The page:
Did the Titans Make a Mistake With Ryan Tannehill and Derrick Henry?

Tennessee signed Henry and Tannehill to lucrative deals after career years in 2019

September 8, 2020 9:34 am
Did the Titans Make a Mistake with Ryan Tannehill and Derrick Henry?
Ryan Tannehill and Derrick Henry in in the AFC Wild Card game against the Patriots.
Getty Images

Over the next six weeks, we’ll be preparing for the kickoff of the 2020 NFL season on September 10 by attempting to answer the most important question facing all 32 of the league’s franchises in order of their 2019 finish, from worst to first. Today’s team: the Titans.

No. 3: Tennessee Titans
2019 Record: 9-7

Points For: 402 – Points Against: 331
Projected 2020 Over/Under Win Total: 8.5

Winners of five of their last seven regular-season games in 2019, the sixth-seed Tennessee Titans were hot coming into a first-round playoff matchup with the favored New England Patriots this past January. The main source of that heat? Bruising running back Derrick Henry, who ran for 211 yards and three touchdowns on 32 carries against the Texans in Tennessee’s Week 17 finale.

Henry’s dominance continued in the playoffs as he rumbled for 182 yards and a TD on 34 carries in a win over the Patriots in the Wild-Card round, and then followed that up with 195 yards on 30 carries in a victory over the Ravens in the Divisional round in a game that also saw the 26-year-old toss a touchdown pass.

While Henry’s magical run came to an end in the AFC Championship game against the Chiefs (19 carries for just 69 yards and a score), his three-week hot streak made NFL history.

During the offseason, Henry — who had 303 carries for 1,540 yards and 16 touchdowns to win the rushing title last year — was franchise tagged by the team before signing a four-year, $50 million contract extension in July, making him one of the top five highest-paid running backs in the NFL.

The other star of Tennessee’s Cinderella run to the AFC title game, 32-year-old quarterback Ryan Tannehill, also got a four-year extension worth $118 million, including $62 million in fully guaranteed money, to stay with the Titans.

The former Dolphin, who ended up leading the NFL in passer rating in 2019 after supplanting Marcus Mariota as the Titans’ quarterback of the future, completed 70.3 percent of his passes for 2,742 yards and a 22-6 touchdown-to-interception ratio in the regular season and posted a 5-1 TD-INT ratio and 98.5 passer rating in the playoffs while attempting just 60 passes combined over three games.

Thanks to those moves, Tennessee coach Mike Vrabel has the NFL’s reigning lead rusher and top passer (by at least one metric) heading into the 2020 season. That’s a good thing, right?

Well, maybe.

Though he’s only 26, Henry has touched the football more than 3,000 times during game action throughout high school, college and his time in the NFL. That is a lot of wear-and-tear for a guy who is approaching 27, the age when most NFL running backs peak.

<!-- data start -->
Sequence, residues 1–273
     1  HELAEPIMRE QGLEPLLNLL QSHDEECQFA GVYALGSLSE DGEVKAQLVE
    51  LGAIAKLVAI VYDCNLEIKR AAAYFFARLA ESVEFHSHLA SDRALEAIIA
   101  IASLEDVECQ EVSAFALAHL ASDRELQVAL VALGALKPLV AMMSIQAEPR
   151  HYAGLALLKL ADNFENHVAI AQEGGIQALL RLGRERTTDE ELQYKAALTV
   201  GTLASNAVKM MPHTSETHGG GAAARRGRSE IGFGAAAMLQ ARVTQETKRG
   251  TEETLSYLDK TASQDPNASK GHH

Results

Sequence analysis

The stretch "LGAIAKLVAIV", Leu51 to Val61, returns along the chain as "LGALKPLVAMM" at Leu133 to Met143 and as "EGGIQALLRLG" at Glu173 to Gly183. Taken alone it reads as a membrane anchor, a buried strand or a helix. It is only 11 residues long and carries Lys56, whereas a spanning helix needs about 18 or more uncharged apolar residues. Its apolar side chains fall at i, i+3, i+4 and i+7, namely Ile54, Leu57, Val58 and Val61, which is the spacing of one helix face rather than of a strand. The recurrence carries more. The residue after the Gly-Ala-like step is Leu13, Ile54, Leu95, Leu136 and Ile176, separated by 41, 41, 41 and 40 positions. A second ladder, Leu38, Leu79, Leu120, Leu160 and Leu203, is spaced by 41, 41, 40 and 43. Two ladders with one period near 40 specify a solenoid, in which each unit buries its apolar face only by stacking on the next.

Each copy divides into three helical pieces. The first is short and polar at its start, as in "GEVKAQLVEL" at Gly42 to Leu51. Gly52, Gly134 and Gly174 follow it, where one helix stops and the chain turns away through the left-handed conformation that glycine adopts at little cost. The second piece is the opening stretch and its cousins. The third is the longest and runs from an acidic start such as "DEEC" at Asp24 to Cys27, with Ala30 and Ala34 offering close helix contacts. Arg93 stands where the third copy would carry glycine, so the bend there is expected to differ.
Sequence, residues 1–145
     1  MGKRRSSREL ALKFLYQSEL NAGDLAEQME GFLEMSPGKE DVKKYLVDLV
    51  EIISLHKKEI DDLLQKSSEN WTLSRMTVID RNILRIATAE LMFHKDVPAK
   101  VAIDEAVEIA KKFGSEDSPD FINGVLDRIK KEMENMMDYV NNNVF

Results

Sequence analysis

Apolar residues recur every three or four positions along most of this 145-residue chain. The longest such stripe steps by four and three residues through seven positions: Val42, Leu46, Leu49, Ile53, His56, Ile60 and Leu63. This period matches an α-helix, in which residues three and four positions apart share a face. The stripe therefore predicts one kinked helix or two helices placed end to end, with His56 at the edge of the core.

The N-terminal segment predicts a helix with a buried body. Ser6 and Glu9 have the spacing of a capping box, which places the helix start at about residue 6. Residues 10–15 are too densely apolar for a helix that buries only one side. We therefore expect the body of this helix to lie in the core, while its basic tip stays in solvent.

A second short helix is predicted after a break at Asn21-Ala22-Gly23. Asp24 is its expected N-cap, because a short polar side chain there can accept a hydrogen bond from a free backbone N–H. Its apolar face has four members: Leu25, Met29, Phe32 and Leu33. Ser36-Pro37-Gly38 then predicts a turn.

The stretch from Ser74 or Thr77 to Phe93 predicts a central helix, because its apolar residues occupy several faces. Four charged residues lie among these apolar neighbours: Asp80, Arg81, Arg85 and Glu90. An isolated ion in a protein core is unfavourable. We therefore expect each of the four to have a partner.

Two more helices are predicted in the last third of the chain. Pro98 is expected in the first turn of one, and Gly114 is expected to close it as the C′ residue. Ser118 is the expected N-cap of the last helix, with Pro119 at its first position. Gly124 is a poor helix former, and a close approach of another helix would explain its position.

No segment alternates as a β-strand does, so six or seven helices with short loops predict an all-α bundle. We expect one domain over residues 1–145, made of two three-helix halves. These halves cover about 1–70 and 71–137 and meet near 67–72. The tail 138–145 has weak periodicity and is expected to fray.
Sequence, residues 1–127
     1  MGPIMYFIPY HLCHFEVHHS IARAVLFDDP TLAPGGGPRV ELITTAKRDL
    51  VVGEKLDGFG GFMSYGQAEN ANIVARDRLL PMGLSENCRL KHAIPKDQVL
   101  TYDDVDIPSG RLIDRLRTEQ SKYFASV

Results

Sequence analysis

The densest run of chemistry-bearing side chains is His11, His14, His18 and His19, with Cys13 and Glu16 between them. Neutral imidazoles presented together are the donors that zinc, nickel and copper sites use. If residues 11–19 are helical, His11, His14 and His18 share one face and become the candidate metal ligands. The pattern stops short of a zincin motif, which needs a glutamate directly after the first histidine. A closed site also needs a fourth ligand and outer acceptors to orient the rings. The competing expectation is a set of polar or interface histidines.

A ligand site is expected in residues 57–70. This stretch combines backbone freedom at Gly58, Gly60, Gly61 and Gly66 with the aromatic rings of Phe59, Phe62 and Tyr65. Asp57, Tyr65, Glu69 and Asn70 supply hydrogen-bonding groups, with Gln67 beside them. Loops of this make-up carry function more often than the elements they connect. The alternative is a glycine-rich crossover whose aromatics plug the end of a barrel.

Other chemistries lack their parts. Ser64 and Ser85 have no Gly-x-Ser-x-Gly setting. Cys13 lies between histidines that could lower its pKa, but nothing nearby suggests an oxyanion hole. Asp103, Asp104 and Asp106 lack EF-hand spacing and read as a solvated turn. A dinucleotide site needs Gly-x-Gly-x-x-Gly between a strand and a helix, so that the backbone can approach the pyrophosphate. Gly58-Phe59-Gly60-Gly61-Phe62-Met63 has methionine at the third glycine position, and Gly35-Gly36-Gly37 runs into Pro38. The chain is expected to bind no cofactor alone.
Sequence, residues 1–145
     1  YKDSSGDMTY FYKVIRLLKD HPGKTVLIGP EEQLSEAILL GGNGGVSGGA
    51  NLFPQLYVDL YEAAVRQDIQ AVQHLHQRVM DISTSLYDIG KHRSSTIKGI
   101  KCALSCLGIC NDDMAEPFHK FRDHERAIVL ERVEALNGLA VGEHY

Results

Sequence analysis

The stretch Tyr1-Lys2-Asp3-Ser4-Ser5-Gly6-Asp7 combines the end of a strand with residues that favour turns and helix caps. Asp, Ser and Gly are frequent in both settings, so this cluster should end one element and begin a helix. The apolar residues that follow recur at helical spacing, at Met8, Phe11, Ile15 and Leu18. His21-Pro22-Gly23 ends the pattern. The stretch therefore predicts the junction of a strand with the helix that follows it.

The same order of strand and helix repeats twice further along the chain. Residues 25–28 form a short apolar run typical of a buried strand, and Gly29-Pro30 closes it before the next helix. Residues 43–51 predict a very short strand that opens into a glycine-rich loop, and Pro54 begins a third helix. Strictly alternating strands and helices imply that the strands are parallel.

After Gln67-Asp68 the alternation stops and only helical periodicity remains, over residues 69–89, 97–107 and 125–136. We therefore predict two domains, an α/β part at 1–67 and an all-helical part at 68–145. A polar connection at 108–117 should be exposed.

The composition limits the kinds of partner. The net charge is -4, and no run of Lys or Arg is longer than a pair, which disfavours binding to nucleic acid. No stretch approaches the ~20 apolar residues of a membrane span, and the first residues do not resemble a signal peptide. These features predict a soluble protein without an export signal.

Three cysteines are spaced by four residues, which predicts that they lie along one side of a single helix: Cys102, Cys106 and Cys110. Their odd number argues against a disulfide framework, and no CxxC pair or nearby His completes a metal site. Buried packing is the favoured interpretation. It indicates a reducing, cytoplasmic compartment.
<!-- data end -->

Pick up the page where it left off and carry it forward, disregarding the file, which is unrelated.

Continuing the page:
A 2014 ESPN Stats & Information analysis of every running back who had played at least four NFL seasons and had a minimum average of 75 carries per year since 2001 found that a rusher’s average yardage total dropped by 15 percent at 28, 25 percent at 29 and by almost 40 percent at age 30.

That’s not a good sign that Henry, who had only five career 100-yard games in the regular season before last November (he now has 10), can make good on the money he’s being paid past this season.

As for Tannehill, who had a 42-46 record in six seasons in Miami and boasts a career completion percentage of 63.5, he’s fine — a competent, middle-of-the-road play-caller who can thrive in a run-first system that doesn’t ask too much of him. But that’s all he’s every going to be, and he’s probably due to take a step back after going from a bottom-three 42.4 passing grade with the Dolphins in 2018 to a league-best 91.0 (a plus-48.6 difference) in 2019 with the Titans, according to Pro Football Focus.

Regression seems inevitable for Tannehill,” PFF’s Anthony Treash wrote in March after Tannehill got his massive extension. “His positively graded play rate with the Titans was nearly double what it was with Miami the year prior. Tannehill has always been a relatively accurate quarterback, but his play on the field has shown to be dependent on those around him and the play-caller/scheme. It worked for Tennessee in 2019, and we thought it would be a great idea to bring Tannehill back for another season — but on the franchise tag to prove he can produce the same once more, not necessarily on a deal like this one.”

Others, like NBC’s Peter King, are much more bullish about Tannehill, Henry and the future of the Titans. “Tennessee’s not going to be a one-year wonder,” he concluded at the end of a lengthy August piece. If he’s right, it’ll likely be because Tannehill and Henry aren’t one-season wonders, either.

Especially in the case of Tannehill, who is just a .500 career quarterback who had never played in a postseason game prior to last season, a regression seems likely. The again, Tennessee made a habit of overcoming odds and making commentators look foolish in their run to the AFC Championship game last year.

Betting on Tannehill and Henry to bring the Titans back there is a gamble — we’ll start to see if it is going to pay off this Sunday.

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